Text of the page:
Justice Antonin Scalia’s racism is unacceptable – Congress must censure him.

by on December 15, 2015 · 8 comments

in Civil Rights, History, Organizing, Politics

Scalia racistfrom Credo Action

On Wednesday, December 9th, during oral arguments before the Supreme Court in the case of Fisher v. Texas, Justice Antonin Scalia made a plainly racist argument (emphasis ours):

“There are – there are those who contend that it does not benefit African Americans to to get them into the University of Texas where they do not do well, as opposed to having them go to a less­-advanced school, a less – a slower-track school where they do well.

“One of – one of the briefs pointed out that – that most of the – most of the black scientists in this country don’t come from schools like the University of Texas. They come from lesser schools where they do not feel that they’re – that they’re being pushed ahead in – in classes that are too­­ too fast for them.“1

This blatant bigotry is unacceptable, in particular from a Supreme Court Justice. Our elected leaders need to send that message in the loudest way possible. The best way to do that is with a congressional censure.

Tell your member of Congress: Censure Justice Antonin Scalia.

Conservative justices have for years wanted to pretend that racism is in America’s past. That flawed logic was at the heart of Chief Justice John Roberts’s decision striking down critical sections of the voting rights act. Now racism is staring him in the face from across the bench.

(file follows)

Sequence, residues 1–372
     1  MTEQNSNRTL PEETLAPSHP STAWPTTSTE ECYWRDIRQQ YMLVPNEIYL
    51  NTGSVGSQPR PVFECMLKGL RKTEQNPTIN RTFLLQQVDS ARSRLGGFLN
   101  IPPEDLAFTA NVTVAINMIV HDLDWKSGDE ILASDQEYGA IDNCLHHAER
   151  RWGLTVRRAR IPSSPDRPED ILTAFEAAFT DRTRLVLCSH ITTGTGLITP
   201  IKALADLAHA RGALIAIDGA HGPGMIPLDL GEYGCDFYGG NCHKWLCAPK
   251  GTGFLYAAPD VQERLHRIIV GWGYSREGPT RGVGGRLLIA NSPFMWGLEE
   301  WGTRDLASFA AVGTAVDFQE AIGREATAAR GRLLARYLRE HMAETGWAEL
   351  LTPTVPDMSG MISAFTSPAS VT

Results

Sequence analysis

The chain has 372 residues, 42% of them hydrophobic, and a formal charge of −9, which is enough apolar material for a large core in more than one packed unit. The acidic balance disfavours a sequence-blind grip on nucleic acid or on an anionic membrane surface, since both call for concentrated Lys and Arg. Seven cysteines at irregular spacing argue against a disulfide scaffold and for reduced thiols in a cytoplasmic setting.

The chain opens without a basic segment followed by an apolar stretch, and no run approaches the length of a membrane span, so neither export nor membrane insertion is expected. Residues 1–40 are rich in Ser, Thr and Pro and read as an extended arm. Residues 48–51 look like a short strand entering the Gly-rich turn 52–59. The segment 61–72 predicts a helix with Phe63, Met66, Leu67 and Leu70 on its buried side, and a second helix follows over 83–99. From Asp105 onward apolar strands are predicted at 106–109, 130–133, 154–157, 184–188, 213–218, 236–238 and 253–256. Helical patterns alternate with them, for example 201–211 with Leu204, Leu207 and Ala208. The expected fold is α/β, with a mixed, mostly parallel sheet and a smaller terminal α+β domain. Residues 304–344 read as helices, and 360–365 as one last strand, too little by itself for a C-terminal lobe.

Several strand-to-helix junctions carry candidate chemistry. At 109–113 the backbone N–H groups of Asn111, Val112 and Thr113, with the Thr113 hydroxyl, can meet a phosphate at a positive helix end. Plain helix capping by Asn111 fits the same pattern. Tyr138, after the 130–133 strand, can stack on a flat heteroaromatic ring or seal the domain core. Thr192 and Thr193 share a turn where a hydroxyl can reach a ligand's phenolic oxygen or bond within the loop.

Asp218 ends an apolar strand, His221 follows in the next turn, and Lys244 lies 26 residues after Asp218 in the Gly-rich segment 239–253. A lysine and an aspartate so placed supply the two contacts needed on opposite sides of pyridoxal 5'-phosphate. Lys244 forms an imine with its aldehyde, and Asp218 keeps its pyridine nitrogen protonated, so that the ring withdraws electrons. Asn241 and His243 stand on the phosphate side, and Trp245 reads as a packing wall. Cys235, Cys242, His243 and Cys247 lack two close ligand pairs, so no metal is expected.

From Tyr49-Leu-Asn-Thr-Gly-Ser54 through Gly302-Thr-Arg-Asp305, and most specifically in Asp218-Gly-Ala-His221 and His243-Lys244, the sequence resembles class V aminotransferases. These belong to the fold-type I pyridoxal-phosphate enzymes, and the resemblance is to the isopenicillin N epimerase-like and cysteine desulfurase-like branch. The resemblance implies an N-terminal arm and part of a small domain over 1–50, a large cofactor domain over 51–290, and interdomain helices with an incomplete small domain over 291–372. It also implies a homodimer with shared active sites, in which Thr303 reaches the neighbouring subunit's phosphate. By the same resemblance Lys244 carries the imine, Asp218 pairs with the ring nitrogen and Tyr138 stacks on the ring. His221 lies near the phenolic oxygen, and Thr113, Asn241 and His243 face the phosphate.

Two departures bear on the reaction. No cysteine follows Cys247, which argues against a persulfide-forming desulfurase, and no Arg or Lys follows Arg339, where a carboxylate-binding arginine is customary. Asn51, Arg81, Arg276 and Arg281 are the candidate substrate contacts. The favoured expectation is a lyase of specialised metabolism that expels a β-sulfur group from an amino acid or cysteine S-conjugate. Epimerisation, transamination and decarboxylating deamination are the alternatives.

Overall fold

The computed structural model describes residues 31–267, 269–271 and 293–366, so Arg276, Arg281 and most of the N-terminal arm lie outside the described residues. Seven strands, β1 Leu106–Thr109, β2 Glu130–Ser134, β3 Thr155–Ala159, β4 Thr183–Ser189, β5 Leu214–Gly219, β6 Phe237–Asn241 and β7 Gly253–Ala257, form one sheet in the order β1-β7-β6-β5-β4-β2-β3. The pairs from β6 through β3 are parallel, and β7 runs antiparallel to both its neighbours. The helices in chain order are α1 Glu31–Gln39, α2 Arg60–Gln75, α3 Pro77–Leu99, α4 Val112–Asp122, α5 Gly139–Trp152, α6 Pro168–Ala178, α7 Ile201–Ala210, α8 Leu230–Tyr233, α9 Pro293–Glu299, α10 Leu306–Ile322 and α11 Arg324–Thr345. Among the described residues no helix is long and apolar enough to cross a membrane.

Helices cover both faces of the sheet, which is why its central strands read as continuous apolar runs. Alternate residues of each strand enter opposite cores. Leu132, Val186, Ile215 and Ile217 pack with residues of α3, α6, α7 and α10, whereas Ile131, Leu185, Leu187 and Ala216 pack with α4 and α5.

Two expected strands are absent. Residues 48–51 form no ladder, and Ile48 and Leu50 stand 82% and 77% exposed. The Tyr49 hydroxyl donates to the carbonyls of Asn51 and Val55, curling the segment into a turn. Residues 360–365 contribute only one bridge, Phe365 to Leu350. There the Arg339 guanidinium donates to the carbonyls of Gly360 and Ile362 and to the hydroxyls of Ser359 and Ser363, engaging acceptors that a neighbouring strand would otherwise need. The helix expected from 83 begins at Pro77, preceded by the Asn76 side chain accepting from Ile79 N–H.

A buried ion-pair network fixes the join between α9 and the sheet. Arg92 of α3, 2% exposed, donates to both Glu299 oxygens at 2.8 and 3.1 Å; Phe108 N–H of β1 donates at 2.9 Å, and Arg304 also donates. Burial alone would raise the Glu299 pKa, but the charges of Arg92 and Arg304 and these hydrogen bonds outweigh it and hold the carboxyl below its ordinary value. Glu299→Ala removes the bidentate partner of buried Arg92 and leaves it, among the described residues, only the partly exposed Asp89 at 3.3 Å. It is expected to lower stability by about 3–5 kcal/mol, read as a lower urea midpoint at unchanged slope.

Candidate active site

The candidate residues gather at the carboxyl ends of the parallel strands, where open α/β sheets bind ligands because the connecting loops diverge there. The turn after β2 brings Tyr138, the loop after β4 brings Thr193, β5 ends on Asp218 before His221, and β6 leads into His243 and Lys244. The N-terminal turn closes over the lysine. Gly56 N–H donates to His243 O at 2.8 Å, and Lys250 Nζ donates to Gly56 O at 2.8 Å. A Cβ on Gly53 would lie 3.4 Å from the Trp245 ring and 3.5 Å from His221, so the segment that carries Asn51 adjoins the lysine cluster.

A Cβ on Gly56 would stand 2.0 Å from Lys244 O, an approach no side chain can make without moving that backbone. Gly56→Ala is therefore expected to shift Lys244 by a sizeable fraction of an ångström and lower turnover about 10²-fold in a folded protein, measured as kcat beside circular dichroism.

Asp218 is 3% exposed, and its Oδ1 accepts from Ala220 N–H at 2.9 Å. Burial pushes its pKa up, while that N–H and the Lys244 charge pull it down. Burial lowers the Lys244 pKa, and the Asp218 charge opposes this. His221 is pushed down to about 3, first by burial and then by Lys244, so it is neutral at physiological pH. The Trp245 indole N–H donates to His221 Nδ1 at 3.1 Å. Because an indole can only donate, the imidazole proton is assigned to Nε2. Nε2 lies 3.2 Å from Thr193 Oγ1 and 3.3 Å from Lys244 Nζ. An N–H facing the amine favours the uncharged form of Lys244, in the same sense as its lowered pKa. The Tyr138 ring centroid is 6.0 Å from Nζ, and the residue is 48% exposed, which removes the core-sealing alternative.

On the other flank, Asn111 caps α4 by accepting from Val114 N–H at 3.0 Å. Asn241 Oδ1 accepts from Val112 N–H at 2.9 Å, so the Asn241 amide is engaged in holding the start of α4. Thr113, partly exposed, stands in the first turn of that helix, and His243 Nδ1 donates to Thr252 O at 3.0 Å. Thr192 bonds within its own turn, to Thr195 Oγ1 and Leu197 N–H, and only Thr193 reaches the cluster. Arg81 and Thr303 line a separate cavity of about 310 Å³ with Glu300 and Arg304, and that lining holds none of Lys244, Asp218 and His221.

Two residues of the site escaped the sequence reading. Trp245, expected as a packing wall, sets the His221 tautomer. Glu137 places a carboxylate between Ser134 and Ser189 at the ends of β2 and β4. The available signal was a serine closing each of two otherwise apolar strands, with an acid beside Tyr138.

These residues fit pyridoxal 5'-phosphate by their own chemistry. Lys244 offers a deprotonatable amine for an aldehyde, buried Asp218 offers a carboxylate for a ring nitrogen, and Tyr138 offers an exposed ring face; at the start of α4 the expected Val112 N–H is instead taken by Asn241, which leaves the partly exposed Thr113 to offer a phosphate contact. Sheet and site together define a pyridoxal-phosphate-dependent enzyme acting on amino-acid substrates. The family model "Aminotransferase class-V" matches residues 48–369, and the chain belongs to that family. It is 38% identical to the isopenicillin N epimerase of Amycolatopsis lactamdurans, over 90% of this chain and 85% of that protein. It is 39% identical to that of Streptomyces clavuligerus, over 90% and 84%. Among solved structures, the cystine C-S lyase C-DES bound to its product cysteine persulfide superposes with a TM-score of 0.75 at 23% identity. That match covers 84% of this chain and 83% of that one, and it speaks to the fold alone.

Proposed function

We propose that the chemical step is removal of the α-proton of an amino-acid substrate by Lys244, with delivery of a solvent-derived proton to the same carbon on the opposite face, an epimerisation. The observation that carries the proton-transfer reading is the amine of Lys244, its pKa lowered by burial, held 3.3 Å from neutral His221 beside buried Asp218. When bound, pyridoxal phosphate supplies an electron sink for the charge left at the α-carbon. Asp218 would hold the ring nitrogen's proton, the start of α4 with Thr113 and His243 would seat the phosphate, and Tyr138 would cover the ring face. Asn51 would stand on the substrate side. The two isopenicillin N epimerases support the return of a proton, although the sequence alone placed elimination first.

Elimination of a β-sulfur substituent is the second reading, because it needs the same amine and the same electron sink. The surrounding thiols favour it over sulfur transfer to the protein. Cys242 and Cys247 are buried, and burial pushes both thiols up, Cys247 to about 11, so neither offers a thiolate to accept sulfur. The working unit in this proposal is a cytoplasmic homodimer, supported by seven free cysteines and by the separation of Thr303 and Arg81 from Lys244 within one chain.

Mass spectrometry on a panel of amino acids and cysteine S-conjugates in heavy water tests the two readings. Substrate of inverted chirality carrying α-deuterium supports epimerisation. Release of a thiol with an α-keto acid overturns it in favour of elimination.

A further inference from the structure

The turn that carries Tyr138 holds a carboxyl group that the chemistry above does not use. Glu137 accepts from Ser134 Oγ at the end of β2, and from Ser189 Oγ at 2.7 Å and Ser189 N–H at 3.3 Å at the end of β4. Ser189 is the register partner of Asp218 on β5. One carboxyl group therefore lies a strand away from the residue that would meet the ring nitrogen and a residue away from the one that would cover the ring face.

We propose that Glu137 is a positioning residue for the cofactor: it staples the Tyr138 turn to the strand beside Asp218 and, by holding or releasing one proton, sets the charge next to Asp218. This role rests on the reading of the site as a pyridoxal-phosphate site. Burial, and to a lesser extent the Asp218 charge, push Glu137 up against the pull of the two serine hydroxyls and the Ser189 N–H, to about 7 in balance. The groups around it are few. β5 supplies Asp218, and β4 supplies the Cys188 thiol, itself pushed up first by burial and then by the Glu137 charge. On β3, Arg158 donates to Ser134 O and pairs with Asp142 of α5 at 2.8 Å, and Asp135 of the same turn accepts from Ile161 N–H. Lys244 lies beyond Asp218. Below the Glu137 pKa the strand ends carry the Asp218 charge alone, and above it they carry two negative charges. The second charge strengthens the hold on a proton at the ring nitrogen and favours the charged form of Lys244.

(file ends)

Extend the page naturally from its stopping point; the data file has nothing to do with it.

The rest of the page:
Justice Scalia has a history of denigrating the rights of African-Americans, including contemptuously describing the Voting Rights Act as the “perpetuation of racial entitlement.”2

If Justice Scalia is not held accountable for his rhetoric — some of it blatantly racist and some of it representing coded, dog-whistle politics that sounds reasonable to some people but sends a very clear signal of hostility to minorities — that rhetoric will be validated and used to justify future discrimination. We can’t let Justice Scalia’s racism go unanswered.

There are not many sanctions that can be placed on Supreme Court Justices. They are appointed for life and never have to answer to the American people. That is why it is so critical that our elected representatives in Congress speak clearly and with a single voice to show the American people that they find racism as deplorable as we do.

The only official way for them to do this is with a formal congressional censure. Senate Democratic Leader Harry Reid has already spoken out to denounce Scalia’s comments, calling it “deeply disturbing to hear a Supreme Court justice endorse racist ideas from the bench on the nation’s highest court” and comparing Scalia’s rhetoric to Donald Trump’s.3 It’s time for his colleagues to join him in formally holding Scalia accountable for his racism.

Tell your member of Congress: Censure Justice Antonin Scalia.

If we do not make our voices heard, a bigoted statement from one of the most powerful figures in our country will go unanswered. We cannot let that happen.